TMARC Pilot Studies - Completed

METH & Immune Senescence in Cerebrospinal Fluid (CSF) Cells in HIV Infection (Schrier)

Agency: TMARC
PI: Schrier, Rachel, Ph.D.


Although up to 40% of HIV infected individuals have METH use histories, the effects on immune cells and trafficking have yet to be investigated. Study of T-cells from cerebrospinal fluid (CSF) of active METH users by flow cytometry indicates CD4 T-cells express higher levels of pro-inflammatory IFNg, and IL-2, compared to other peripheral blood CD4 cells, and to CSF lymphocytes from non METH users.  Also, METH alters lymphocyte distribution, increasing trafficking of activated (and HIV bearing?) T-cells into the CSF.  Although METH is known to activate monocytes in vitro, no studies have previously examined monocyte activation in CSF of METH users. Our hypothesis is that, in the HIV infected host with persistent activation of both monocytes and T-cells, chronic METH use increases and sustains activation and proliferation, independent of HIV RNA levels, contributing to immune exhaustion as defined by expression of CD57+28- and characterized by inflammatory cytokine (IFNg, IL-2, TNFa, IL-6) expression, but minimal protective functions (lysis and phagocytosis) by T-cells and monocytes, respectively. We hypothesize that the markers of immune senescence, cytokine expression, and HIV expression will be higher  in METH users compared to non METH users and higher in CSF, compared to PBMC because of METH accelerates trafficking of activated cells to CSF. In contrast, monocyte phagocytosis (of Ecoli) and T-cell lytic markers (CD107a) are predicted to be lower in chronic METH users. To test these hypotheses, CSF and PBMC from 20 TMARC participants with a history of at least 500 days of METH abuse during HIV infection (but not using within the last 6 months) and 20 HIV+ METH-controls, matched for CD4 and HIV RNA per the Behavioral Assessment and Medical (BAM) Core, will be evaluated for T-cell and monocyte surface and functional markers. Data gathered in this study of chronic METH use will be compared to that for acute METH use and serve as a basis for a larger study of the effects of METH on T-cell and monocyte inflammation, aging, and the HIV reservoir in the HIV infected host, using additional markers and including analysis of telomere length in specific lymphocyte subpopulations.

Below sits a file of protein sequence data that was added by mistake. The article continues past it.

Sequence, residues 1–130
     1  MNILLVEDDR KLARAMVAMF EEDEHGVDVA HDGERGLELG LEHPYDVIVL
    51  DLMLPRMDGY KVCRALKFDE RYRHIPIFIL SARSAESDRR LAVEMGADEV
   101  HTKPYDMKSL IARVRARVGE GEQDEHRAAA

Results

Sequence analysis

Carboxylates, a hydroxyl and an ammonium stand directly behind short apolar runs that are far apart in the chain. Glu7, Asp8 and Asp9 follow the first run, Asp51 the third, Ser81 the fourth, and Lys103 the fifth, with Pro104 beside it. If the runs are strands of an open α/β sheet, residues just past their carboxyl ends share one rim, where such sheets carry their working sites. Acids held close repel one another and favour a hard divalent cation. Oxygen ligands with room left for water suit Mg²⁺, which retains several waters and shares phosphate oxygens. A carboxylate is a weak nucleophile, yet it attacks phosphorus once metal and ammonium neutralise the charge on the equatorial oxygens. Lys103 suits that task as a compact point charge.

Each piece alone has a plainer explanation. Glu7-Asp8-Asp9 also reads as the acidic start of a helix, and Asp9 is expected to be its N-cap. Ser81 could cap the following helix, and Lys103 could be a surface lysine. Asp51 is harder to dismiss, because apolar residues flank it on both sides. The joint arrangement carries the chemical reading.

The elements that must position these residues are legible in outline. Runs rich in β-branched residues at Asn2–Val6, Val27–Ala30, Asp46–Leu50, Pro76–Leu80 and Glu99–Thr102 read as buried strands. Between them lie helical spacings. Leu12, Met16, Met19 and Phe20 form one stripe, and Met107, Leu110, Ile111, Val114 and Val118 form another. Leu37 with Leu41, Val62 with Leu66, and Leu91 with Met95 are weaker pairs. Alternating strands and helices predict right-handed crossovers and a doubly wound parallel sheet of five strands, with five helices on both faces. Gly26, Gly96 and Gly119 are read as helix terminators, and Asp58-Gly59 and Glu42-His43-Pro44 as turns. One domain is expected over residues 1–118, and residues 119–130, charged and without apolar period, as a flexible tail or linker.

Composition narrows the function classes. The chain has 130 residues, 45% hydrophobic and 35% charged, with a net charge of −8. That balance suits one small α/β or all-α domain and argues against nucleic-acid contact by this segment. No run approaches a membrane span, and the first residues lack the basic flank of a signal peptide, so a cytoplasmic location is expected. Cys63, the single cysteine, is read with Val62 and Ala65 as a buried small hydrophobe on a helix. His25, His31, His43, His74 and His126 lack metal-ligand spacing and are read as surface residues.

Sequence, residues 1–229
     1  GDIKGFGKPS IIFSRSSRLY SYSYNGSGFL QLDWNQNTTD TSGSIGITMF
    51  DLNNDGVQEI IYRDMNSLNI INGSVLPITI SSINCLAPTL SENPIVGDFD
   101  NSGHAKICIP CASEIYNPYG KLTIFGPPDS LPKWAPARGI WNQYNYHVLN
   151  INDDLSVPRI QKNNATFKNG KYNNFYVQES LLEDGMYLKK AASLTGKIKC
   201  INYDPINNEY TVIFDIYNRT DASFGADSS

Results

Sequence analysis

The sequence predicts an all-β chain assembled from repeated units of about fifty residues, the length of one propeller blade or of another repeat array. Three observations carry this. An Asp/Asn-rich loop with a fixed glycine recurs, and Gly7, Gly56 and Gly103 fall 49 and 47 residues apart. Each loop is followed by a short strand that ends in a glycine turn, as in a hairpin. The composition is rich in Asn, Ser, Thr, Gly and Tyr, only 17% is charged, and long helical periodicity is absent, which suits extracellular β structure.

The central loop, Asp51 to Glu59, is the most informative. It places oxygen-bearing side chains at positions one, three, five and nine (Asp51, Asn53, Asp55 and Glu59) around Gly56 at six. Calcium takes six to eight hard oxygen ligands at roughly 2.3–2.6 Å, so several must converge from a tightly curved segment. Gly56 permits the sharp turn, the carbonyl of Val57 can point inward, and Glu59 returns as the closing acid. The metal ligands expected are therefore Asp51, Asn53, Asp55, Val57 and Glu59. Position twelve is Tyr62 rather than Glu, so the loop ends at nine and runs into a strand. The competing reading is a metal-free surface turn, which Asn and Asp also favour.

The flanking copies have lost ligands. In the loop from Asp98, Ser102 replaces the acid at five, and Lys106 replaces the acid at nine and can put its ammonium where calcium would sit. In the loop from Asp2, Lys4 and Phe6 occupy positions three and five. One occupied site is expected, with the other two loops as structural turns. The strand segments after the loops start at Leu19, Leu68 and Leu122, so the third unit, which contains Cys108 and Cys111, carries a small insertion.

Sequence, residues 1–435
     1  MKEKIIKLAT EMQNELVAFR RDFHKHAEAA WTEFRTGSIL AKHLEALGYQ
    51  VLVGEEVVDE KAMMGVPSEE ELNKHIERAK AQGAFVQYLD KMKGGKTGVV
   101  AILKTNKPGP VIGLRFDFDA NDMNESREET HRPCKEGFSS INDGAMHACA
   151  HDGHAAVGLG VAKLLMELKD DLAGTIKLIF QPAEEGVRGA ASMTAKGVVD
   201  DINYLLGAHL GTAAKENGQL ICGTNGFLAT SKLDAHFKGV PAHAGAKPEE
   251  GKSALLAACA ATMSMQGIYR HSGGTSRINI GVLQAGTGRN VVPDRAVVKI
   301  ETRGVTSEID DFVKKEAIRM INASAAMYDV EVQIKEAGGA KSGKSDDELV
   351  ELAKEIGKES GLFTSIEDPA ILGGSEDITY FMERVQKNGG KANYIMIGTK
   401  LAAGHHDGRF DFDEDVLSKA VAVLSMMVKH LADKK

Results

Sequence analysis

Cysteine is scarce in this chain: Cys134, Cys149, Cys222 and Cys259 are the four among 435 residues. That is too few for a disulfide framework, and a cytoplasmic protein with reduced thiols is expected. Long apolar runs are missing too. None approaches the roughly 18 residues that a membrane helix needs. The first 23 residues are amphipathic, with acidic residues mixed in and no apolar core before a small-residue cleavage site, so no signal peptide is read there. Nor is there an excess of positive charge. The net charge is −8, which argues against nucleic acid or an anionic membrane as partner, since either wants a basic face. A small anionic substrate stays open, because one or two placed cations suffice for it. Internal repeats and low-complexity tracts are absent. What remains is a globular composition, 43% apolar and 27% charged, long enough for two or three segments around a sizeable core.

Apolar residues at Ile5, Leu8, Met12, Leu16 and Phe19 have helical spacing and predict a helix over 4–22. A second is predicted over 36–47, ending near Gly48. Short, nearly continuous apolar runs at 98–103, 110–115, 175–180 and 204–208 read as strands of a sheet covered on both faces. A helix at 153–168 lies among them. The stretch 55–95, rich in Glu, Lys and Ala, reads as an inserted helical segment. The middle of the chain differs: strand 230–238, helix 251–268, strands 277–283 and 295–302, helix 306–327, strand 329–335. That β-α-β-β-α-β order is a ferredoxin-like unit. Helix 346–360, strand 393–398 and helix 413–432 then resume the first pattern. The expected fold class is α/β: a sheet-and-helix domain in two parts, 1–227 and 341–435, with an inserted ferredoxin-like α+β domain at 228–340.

Sponsored by NIH/NIDA P50DA026306

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